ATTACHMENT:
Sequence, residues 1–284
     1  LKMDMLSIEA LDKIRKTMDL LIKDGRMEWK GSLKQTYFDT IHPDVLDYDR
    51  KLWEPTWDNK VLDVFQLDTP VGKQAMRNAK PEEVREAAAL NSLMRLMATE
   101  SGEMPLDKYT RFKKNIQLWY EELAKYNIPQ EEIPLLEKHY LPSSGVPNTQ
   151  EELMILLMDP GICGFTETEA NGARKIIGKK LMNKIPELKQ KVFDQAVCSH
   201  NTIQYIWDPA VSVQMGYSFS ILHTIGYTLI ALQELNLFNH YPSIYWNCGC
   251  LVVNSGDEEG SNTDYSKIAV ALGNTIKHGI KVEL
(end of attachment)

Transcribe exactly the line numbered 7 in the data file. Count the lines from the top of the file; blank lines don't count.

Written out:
   251  LVVNSGDEEG SNTDYSKIAV ALGNTIKHGI KVEL